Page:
By Ty Malcolm
Tell your classmates you're studying in Austria, and you might get a joke about kangaroos. Mention Vienna, and you might spark a conversation about the canals of Venice. Eventually I just got used to these misunderstandings and had some answers ready. What was a little more difficult to explain was my destination for my week-long hiking trip in the Austrian Alps - the Montafon Valley, a mountainous region in the westernmost federal state (Bundesland) of Vorarlberg.
I am Texan but I was born in Kentucky. I am Texan but I am not a republican. But still, I am a Texan. I am not apart of many of the stereotypes associated with Texas. I was born in Kentucky but I was raised in Dallas, TX. Texans are people with immense pride in their state, their culture, and their history. Although I am not a born Texan, I absolutely consider myself one of them. It is interesting how being from Texas impacts so many aspects of my life, however, I suppose one’s hometown always has a heavy weight on their life. My experiences growing up have shaped who I am today and I was raised to always have pride in where I come from. Many people have preconceived notions about what Texans are like and I love to be the person who proves them wrong. Not all Texans carry guns, ride horses, or live in small towns. I love Tex-Mex, the state fair, and the Texas flag.
I am an American. I was born and raised in the United States. I sing the national anthem and say the pledge of allegiance. However, my mother is an Irish immigrant and my father is a Sierra Leonean immigrant and I am a citizen of the two nations. People are always so surprised when I tell them about my background but I wear my culture with pride. I do not think my mixed culture makes me any less American. The United States is a nation built on immigrants of course. I do think though that input of the two cultures has given me a unique perspective on American life. I am so incredibly grateful to live in the US but also to have been able to travel to both Ireland and Sierra Leone and see where I come from. I can understand more about myself and my history which has helped me feel more comfortable in my own skin. I think being mixed with three diverse cultures has also fueled my academic endeavors in International Affairs and given me a curiosity about different cultures. ...continue reading "Little Old Me"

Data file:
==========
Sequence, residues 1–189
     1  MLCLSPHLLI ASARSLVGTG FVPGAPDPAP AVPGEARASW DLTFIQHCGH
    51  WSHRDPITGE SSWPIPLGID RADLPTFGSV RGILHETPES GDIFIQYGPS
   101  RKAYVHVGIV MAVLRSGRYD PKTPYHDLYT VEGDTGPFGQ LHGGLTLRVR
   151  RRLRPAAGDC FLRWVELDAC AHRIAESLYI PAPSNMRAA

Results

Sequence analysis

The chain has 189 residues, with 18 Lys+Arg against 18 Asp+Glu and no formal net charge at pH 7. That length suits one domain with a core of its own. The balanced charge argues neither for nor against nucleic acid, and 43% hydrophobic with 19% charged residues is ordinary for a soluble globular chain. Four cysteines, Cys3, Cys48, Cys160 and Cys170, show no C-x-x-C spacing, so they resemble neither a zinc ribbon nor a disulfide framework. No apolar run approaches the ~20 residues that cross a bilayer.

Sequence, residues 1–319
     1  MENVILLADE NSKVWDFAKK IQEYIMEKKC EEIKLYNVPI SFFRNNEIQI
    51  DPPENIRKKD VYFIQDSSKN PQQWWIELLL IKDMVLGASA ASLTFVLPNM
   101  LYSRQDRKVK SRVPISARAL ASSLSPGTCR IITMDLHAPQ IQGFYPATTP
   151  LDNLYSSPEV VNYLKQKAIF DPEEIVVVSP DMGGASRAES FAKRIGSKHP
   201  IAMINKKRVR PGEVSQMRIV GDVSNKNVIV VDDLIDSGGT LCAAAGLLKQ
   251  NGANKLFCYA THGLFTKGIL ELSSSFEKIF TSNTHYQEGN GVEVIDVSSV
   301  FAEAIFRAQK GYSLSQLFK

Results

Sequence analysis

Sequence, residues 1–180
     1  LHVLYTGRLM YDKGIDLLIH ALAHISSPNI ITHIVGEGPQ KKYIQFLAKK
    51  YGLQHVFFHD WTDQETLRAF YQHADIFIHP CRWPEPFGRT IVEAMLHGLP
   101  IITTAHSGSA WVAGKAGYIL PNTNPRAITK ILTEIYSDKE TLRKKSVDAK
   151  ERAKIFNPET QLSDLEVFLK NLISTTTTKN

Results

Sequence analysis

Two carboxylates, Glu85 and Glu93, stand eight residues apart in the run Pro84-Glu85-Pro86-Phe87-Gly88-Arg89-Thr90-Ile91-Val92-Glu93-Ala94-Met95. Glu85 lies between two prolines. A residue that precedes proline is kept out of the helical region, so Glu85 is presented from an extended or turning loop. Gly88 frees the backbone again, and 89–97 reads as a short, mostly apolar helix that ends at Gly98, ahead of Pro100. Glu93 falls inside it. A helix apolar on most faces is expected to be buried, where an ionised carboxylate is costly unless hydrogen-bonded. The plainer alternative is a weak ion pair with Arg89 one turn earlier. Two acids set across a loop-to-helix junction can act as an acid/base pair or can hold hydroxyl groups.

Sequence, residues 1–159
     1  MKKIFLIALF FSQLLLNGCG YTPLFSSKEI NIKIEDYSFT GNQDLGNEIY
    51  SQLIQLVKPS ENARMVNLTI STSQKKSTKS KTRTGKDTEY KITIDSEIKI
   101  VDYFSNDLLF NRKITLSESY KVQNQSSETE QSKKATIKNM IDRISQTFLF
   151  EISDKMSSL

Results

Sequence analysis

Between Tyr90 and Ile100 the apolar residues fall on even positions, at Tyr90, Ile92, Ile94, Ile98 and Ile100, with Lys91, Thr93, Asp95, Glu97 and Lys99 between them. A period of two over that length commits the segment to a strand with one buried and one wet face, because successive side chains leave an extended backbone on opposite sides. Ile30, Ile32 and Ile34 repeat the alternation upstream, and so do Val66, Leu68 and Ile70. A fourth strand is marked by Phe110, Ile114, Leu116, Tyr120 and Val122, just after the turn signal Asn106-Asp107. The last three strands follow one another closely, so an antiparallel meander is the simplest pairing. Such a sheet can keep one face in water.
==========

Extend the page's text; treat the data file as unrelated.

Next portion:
I can easily say that my first two weeks in India have been full of awesome new experiences and a lot of delicious food. So far my personal favorite is egg parotta, which is egg, onion, drum tree leaves, and a number of spices mixed in with a flaky, buttery bread (parotta) that is chopped up. In addition to trying a number of tasty south Indian dishes, I am continuing to learn how to adjust to the seriously hot South Indian climate and working my way through a functional Tamil class. Tamil is spoken language of Tamil Nadu and is chock full of beautiful characters but has definitely proven to be a challenge to read! I have also stocked up on salwar kamiz, a traditionally north Indian style of dress that, in south India, is most commonly worn by young women.
This week, as most of my friends packed up and headed back to school, it suddenly started to seem real that I was about to do something very different. It was no longer a dream or a vision, in a few weeks I would actually be living in London. Choosing to study abroad wasn't an easy decision for me. Even though it was always something I knew I wanted to make part of my college experience, last spring, the end of my sophomore year, I finally began to feel like I found my place at GW. For a few weeks I agonized over whether I wanted to leave my friends, Washington D.C. and taking classes in my major. In the end, the pull of experiencing something new was too strong. I knew I might never get a chance to live abroad again in my life.
Asalaamaalekum from Dakar, Senegal!
I'm just finishing up my first week at the CIEE Development Studies program. I was attracted to this study abroad program for several reasons. First, it gives me a really unique opportunity to immerse myself in the culture of a country I might not otherwise get to visit, and since I'm living with a host family, I feel like I get a very authentic immersion experience. I also get to study development in a country that has been the subject of many types of development projects throughout the years, giving me an awesome and rare up-close learning opportunity. (I'm looking forward to the weekly field trips we get to take around the city for class!) Senegal also lets me work on my French-speaking skills (which definitely need work!), and I get to eat delicious baguettes for breakfast every morning!
It has been a week, folks. My strength, my will, my beliefs, and not to mention my stomach have been tested over and over. While I consider myself pretty adaptable, I believe I have found my match in Senegal. At my lowest point, when the electricity went out and my beloved fan bit the dust, I even questioned my choice in coming here. Why Senegal? Why CIEE? Why pick a country whose neighbor is the actual Sahara Desert? I reminded myself I chose this program and this country for very specific reasons.
Firstly, I have the travel bug and I have it bad. Thanks to Mom and Dad I have a passion for immersing myself in cultures and languages unfamiliar to me. In Cesar Chavez’s wise words: “preservation of one’s own culture does not require contempt or disrespect for other cultures.” My personal opinion on the tragedies of today’s world is that they stem from people’s inability to accept that our differences are not wrong, but fascinating. Our differences allow us to do the very thing we do best: innovate, progress, and survive.